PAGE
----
Garren's research is not the first to call into question the degree of Union support in the Blue Ridge mountains. His own "Mountain Myth" (2006) laid the groundwork for "Measured in Blood" by exploring the prevalence of slavery here. Although the mountains generally did not have plantations requiring large crews of slave labor, its families owned slaves in about the same proportion as other counties in the South, Garren says. Similar reporting is contained in John Inscoe's "Mountain Masters: Slavery and the Sectional Crisis in Western North Carolina; Race, War, and Remembrance in the Appalachian South" (1989).
"Measured in Blood" will be startling to some followers of local history, however, for the prosecutorial zeal Garren brings to the subject.
"The whole story of Unionism in Henderson County is a myth and in some cases it's intentional," Garren said in an interview at his mountaintop home in Mills River. "We have long heard that Henderson County is a Republican county because it was Union during the Civil War. That is absolutely false, and provably so.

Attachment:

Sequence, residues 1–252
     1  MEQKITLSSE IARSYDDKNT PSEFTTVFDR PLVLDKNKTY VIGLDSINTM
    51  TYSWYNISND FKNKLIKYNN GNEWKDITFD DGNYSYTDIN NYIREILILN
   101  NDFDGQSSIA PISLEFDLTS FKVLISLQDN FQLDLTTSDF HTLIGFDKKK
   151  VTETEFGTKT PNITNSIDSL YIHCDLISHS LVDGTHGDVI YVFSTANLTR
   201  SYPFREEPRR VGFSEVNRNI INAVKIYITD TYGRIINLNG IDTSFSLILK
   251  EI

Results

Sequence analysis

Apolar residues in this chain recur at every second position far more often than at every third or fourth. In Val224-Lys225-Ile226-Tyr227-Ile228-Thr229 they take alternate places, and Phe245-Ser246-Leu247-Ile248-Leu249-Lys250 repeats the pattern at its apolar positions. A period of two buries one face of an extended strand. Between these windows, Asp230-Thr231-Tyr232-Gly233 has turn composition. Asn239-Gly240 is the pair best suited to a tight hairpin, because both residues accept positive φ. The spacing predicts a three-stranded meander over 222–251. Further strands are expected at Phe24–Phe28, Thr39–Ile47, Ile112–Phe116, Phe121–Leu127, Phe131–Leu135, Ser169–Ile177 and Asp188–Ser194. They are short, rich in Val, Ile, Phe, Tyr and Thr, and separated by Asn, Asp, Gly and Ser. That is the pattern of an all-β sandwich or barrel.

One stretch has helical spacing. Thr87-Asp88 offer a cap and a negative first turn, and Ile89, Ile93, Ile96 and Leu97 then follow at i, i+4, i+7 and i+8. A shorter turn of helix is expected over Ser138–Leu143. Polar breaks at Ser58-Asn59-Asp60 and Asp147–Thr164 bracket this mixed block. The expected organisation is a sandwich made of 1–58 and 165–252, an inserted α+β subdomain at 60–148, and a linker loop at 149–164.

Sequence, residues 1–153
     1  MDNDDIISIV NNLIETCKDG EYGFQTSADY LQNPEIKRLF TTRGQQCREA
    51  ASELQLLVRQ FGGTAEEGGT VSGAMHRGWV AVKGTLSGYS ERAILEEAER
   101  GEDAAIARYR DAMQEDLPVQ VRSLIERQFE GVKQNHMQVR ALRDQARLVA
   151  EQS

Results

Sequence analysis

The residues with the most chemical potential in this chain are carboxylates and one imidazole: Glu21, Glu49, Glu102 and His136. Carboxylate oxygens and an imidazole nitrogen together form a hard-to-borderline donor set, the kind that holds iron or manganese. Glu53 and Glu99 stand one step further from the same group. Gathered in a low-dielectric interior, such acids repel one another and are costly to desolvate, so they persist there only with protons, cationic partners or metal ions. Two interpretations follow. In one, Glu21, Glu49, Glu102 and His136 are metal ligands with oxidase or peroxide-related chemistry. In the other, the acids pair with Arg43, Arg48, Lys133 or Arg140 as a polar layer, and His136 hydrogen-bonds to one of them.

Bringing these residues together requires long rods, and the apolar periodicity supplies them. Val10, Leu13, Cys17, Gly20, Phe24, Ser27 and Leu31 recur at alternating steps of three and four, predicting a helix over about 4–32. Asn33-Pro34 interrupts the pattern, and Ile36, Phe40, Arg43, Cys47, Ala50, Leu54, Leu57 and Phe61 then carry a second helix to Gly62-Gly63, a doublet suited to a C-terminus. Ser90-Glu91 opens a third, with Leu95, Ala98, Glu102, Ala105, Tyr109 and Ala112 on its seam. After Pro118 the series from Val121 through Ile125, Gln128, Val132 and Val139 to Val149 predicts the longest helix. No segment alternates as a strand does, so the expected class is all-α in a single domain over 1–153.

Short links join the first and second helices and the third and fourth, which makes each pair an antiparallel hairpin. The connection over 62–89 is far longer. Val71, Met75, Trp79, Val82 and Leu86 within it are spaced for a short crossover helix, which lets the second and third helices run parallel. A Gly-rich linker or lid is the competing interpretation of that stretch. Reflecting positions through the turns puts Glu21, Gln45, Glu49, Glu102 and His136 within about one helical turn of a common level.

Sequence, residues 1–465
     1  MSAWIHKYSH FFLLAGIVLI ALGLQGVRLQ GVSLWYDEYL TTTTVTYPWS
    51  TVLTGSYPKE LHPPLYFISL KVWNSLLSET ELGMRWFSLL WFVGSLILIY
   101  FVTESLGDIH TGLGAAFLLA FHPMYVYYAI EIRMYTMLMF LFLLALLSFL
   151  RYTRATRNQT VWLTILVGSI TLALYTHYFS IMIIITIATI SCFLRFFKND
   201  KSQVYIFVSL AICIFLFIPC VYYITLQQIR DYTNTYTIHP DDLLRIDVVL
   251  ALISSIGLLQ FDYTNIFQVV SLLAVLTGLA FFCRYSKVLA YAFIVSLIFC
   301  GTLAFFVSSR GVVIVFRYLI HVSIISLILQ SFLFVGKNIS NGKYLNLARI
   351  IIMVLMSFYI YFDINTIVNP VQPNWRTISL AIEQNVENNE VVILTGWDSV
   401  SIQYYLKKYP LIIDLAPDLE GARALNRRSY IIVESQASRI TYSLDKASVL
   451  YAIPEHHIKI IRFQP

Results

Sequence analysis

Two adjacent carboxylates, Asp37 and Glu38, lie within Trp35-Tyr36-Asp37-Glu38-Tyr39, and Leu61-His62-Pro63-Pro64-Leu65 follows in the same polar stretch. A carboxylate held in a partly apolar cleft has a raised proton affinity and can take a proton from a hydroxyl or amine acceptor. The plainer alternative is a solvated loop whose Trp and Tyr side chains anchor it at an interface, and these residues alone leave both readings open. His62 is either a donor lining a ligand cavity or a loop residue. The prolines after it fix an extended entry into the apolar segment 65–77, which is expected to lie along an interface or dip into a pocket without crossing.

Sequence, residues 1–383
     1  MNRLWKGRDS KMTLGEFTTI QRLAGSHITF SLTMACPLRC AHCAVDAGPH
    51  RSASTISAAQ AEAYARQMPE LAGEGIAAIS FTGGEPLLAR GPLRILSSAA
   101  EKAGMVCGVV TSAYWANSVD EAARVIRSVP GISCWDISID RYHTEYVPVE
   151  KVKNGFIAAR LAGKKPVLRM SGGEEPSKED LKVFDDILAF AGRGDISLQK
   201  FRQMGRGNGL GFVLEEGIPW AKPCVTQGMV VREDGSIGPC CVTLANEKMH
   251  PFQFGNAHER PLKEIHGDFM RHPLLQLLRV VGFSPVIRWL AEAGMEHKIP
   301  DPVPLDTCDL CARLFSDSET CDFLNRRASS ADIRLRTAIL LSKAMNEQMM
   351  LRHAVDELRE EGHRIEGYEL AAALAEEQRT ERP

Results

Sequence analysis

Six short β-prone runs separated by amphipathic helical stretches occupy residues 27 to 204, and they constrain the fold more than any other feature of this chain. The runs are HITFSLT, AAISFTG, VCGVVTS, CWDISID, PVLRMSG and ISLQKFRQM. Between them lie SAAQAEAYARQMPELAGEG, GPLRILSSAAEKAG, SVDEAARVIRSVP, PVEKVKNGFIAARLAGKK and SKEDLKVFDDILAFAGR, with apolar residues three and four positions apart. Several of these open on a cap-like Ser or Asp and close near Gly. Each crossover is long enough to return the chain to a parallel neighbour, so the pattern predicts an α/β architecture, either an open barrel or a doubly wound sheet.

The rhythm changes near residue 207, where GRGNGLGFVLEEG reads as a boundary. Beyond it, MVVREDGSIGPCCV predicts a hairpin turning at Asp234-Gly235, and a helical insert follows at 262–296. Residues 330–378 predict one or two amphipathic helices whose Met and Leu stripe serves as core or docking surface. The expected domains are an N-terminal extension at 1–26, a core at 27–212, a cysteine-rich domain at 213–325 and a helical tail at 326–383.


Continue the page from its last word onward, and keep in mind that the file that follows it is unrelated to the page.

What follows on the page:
"What happened is Henderson County was a Republican county because of what happened immediately after the war. People in several North Carolina counties — I want to emphasize this is an opinion, I can't prove this part of it — but they wanted to get Union troops out of their counties. So people agreed to switch to Republican if the Republicans would agree to get the troops out of their county."
Does he have documentation of that? No, he says. He knows of documentation of the pattern in Wilkes County.